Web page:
The day before, special forces from the elite Scout Rangers killed militant leaders Isnilon Hapilon, former head of the Abu Sayyaf group and Daesh leader in Southeast Asia, and Omar Maute, co-founder of the Maute group, which has pledged allegiance to Daesh.
The fighting began in May when the Philippines army and police launched a joint operation in Marawi to capture Hapilon, and the militants counter-attacked. More than 1,000 people have died, mostly militants but including 162 soldiers and police officers and 47 civilians, and more than 300,000 villagers have been displaced from their homes.
“I hereby declare Marawi City liberated from the terrorist influence that marks the beginning of the rehabilitation,” Duterte told soldiers in a speech on Tuesday.
Army chief Gen. Eduardo Ano said the death of Hapilon and Omar was a blow to Daesh.
“We have shown the world that there is no place for any Daesh here in the Philippines. We will not allow it,” he said.
“The death of these two leaders and the neutralization of more than 800 Maute-Daesh members have destroyed their infrastructure and organization here, so this should make other Daesh foreign fighters planning to come here to think twice. We are prepared for them.”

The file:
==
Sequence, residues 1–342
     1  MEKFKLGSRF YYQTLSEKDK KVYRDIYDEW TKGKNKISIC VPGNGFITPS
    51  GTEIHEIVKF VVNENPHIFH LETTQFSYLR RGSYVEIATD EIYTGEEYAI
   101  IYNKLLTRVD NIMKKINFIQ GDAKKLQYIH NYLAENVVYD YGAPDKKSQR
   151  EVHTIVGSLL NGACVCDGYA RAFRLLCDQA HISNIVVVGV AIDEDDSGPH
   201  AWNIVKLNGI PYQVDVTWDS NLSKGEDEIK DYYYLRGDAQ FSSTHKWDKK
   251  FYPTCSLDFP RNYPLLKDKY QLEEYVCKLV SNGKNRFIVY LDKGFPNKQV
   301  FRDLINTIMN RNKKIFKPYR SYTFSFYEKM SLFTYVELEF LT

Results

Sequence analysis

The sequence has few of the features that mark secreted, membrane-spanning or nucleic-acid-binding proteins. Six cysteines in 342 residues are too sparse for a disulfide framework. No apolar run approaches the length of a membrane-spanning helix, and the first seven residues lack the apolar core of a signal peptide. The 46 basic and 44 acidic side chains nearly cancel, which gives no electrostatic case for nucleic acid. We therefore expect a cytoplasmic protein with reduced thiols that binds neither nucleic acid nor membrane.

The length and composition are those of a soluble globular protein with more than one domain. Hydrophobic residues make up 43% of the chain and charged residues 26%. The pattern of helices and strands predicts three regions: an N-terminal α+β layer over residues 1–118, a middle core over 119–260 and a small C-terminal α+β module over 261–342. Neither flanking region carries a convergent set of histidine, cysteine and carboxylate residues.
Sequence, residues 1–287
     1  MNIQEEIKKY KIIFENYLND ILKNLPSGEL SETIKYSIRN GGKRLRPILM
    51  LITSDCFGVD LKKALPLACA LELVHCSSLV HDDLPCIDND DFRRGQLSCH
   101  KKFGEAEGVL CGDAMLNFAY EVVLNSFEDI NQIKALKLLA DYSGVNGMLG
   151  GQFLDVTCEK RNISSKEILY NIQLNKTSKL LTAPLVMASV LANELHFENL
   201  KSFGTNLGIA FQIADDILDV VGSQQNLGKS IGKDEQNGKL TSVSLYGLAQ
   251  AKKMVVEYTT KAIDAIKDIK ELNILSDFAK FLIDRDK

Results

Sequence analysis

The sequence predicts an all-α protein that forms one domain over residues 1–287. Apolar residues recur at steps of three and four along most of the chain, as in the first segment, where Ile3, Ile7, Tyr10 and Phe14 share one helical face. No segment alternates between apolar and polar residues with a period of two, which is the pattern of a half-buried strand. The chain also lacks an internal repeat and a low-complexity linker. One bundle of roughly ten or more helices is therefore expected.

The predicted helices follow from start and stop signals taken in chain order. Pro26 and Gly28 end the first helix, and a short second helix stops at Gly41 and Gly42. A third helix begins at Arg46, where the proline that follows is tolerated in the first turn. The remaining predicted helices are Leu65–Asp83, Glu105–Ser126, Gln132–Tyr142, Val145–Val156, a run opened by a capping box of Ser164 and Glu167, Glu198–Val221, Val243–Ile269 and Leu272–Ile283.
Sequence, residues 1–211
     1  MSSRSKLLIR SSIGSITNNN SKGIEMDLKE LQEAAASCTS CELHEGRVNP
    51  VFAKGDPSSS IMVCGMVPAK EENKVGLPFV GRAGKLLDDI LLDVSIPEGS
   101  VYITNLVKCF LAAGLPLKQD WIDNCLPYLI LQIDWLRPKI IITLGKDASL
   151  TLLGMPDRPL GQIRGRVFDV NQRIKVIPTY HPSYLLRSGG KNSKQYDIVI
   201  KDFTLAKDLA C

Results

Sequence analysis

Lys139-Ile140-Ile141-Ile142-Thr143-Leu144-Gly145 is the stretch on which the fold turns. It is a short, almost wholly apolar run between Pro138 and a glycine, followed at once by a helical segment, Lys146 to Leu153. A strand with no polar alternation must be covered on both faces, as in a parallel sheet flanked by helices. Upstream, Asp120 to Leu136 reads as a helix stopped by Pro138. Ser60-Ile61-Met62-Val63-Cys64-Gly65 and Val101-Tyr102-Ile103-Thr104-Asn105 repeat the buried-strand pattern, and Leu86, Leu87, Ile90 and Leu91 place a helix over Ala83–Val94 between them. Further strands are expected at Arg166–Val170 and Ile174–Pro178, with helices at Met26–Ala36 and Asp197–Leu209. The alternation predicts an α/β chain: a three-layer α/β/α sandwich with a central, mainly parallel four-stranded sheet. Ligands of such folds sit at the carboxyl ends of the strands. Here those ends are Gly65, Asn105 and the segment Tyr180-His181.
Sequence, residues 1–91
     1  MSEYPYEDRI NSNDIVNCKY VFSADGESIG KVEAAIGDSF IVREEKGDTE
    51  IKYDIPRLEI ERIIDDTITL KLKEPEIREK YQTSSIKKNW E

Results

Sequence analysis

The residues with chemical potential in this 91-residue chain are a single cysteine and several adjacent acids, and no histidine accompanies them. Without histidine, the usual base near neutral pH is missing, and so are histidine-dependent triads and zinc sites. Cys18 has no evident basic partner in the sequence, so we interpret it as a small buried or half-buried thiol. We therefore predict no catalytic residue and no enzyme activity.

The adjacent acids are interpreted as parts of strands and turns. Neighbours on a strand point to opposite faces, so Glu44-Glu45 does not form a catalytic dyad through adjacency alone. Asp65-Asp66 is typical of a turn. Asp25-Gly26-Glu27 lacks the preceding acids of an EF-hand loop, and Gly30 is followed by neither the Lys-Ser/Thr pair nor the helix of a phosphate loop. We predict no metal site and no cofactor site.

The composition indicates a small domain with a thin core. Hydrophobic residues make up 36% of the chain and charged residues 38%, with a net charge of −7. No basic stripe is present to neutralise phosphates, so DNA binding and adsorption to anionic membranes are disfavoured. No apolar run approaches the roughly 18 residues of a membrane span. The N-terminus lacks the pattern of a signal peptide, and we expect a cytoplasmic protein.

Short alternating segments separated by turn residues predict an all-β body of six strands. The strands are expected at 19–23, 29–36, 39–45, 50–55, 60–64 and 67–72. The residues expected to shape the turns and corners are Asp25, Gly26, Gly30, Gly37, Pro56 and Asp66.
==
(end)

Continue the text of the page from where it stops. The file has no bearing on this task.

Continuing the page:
Despite the official declaration that Marawi has been liberated, about 30 militants remain in the city, holding at least 20 hostages.
The remaining fighters include Mahmud Ahmad, a Malaysian professor who has been in the Philippines since 2014 and is expected to replace Hapilon as the local Daesh leader. Ahmad is thought to have channeled about $600,000 from Daesh to pay for weapons and food for militants during the Marawi fighting.
Philippines military chief admitted that the war was “not completely over,” but Ano said: “The small number of the remaining enemy ... does not constitute a serious threat.
“What remains now is mopping up operations against Maute-Daesh stragglers in a small area,” Año said, and the government would now begin damage assessment before rehabilitation and reconstruction.
Maj. Gen. Restituto Padilla, the military spokesman, said: “The remaining enemy force is no longer a force to reckon with,” and clearing operations were underway “to finish them off should they decide to continue the fight. Major operations have been concluded.”
Another military spokesman, Col. Edgard Arevalo, said any remaining fighters were “stragglers — leaderless and in disarray. We have significantly degraded their tactical capability and under no circumstances will they be able to reverse the situation that has rendered them defeated.”